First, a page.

Foodies in the U.S.: Foodie CooksPackaged Facts
January 1, 2009
192 Pages - SKU: LA2088310
Market Insights: A Selection From The Report
By age, foodie cooks are distributed relatively evenly throughout the U.S. adult population. One notable exception is that foodie cooks are 28% more likely than U.S. adults on average to be age 25-34 (index of 128), a group that thus represents a key demographic for marketers. In fact, close to one-tenth (8.4%) of all American adults in this age group are foodie cooks, while slightly over half of foodie cooks (52%) are age 44 or under. On the other hand, adults age 65 and older are 13% less likely to be foodie cooks (index of 87). [Figure 3-2, Table 3-1]
Foodie Cooks Embrace Healthy Food Trends, But Are Also Price-Conscious
Food marketers should also be glad to know that foodie cooks are an eager audience for a variety of new food products and trends, especially those related to health and dieting. They are 381% more likely than U.S. adults on average to agree a lot that they are usually quick to try new nutritional products (index of 481), 359% more likely to like to try new drinks (index of 459), 282% more likely to usually be the first to try new health foods (index of 382) and 180% more likely to try any new diet (index of 280).
Foodie cooks are, in fact, more concerned with health and dieting matters than U.S. adults on average and foodies overall. Bearing this out, foodie cooks disproportionately report that they usually only snack on healthy foods (index of 375), normally count the calories in the foods they eat (index of 282), like to know about ingredients before buying food (index of 268), think of the calories in what they eat (index of 251), actively seek info about nutrition and diet (index of 244), are trying lose weight by dieting most of the time (index of 229), feel guilty when eating fattening food (index of 228) and consider their diets to be very healthy (index of 226). [Figure 3-8, Table 3-3]In the News
Foodies Pilot Consumerism Beyond Obvious Culinary Curiosities
New York, December 16, 2008 - Foodies are passionate and curious and a truly American phenomenon. In the all-new report, Foodies in the U.S.: Five Cohorts: Foreign/Spicy, Restaurant, Cooks, Gourmet and Organic/Natural, market research publisher Packaged Facts reveals that the 31 million U.S. adults (14% of the population) who qualify as foodies strive to lead the way in other consumer areas such as shopping, fashion, nutrition, and automobiles.
“Some foodies don’t think of themselves as trendy, but overall they are open-minded, curious, and eager to experiment with the new. Research shows that they are significantly more likely than average adults to be the first among their friends to shop at new stores or try new styles,” says Tatjana Meerman, publisher of Packaged Facts.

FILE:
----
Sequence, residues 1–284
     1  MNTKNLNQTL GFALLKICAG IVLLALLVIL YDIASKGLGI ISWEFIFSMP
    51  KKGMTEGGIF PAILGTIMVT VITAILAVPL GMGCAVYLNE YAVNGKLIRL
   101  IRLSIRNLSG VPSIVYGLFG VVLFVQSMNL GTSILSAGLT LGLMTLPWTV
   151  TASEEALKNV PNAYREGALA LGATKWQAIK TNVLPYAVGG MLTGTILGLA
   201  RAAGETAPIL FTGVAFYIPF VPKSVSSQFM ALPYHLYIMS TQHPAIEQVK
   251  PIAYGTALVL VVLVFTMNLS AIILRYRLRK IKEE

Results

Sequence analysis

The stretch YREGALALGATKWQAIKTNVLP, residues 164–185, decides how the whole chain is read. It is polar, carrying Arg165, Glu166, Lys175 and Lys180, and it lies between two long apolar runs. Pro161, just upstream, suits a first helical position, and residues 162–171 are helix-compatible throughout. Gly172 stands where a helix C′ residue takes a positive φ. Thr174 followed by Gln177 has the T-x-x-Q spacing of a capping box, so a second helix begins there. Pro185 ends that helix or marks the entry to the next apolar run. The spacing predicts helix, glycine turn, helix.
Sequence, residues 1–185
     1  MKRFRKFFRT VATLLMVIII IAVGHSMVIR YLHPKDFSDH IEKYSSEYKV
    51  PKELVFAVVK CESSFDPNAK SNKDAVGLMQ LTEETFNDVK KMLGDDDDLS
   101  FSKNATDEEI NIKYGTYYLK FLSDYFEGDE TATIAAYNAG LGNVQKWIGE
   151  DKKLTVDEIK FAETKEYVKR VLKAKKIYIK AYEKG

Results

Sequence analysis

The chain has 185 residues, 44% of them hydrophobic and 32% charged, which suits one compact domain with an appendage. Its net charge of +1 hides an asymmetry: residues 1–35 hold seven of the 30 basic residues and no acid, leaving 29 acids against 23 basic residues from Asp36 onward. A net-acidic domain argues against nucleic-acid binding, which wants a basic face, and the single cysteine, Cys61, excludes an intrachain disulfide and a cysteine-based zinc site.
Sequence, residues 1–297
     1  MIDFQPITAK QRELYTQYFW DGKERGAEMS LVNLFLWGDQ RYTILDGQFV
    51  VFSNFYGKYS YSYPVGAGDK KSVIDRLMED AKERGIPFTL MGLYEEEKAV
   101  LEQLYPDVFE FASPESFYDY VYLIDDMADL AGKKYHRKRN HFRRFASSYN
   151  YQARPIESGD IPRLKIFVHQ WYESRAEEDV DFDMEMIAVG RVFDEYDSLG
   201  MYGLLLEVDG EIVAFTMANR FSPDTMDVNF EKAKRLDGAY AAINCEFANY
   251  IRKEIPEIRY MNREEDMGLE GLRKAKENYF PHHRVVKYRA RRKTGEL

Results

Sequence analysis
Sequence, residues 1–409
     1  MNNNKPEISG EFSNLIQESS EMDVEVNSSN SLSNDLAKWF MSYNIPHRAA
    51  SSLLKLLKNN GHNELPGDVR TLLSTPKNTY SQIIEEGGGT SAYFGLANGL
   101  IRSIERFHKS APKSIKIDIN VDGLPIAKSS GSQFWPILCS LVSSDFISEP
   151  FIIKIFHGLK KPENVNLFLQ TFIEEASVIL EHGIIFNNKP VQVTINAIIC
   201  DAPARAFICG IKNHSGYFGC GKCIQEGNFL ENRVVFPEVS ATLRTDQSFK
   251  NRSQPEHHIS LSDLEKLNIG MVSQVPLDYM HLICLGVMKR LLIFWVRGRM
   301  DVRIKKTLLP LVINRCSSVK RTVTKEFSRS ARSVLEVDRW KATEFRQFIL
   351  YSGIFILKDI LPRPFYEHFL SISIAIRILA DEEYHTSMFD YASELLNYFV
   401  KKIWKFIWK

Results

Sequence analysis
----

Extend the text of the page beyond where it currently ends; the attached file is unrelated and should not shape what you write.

Outside interests exist, but for Foodies it always comes back to pleasing the palate. For them food is more than body fuel. It is what defines who they are in a greater society. Their food passion provides a framework through which they can build relationships, forge new friendships, discover the world, and even examine which behaviors are ethical. It is for these reasons that Packaged Facts forecasts that even as most consumers seek ways to tighten spending, Foodies will continue to dine out almost daily, purchase gourmet and organic foods exclusively, or indulge themselves in exotic ingredients.
Packaged Facts uses data from Simmons Market Research Bureau to segment the overall foodie demographic into the five foodie cohorts reflected in the report title. Foreign/spicy foodies and restaurant foodies are the two largest foodie cohorts. Approximately 71% of foodies representing 10% of all U.S. adults, or about 22 million, fall into the foreign/spicy cohort. This cohort is helping to introduce the next wave of international cuisine to the American palate. Meanwhile, 65% of foodies fall into the restaurant cohort, representing 9% of all U.S. adults, or approximately 20 million. Unlike most Americans who eat at fast food chains for the sake of convenience, foodies avoid fast food and consider dining out to be a hobby or leisure activity.
Foodies in the U.S.: Five Cohorts: Foreign/Spicy, Restaurant, Cooks, Gourmet and Organic/Natural examines foodies’ demographic characteristics in depth while also discussing foodies’ values, attitudes, culinary interests and consumer habits. The report includes separate chapters on the five titular foodie cohorts. Foodie trends and opportunities, including trends among children and teens, are also explored.
About Packaged Facts - Packaged Facts, a division of Market Research Group, publishes market intelligence on a wide range of consumer industries, including consumer goods and retailing, foods and beverages, demographics, pet, and financial products. Packaged Facts also offers a full range of custom research services.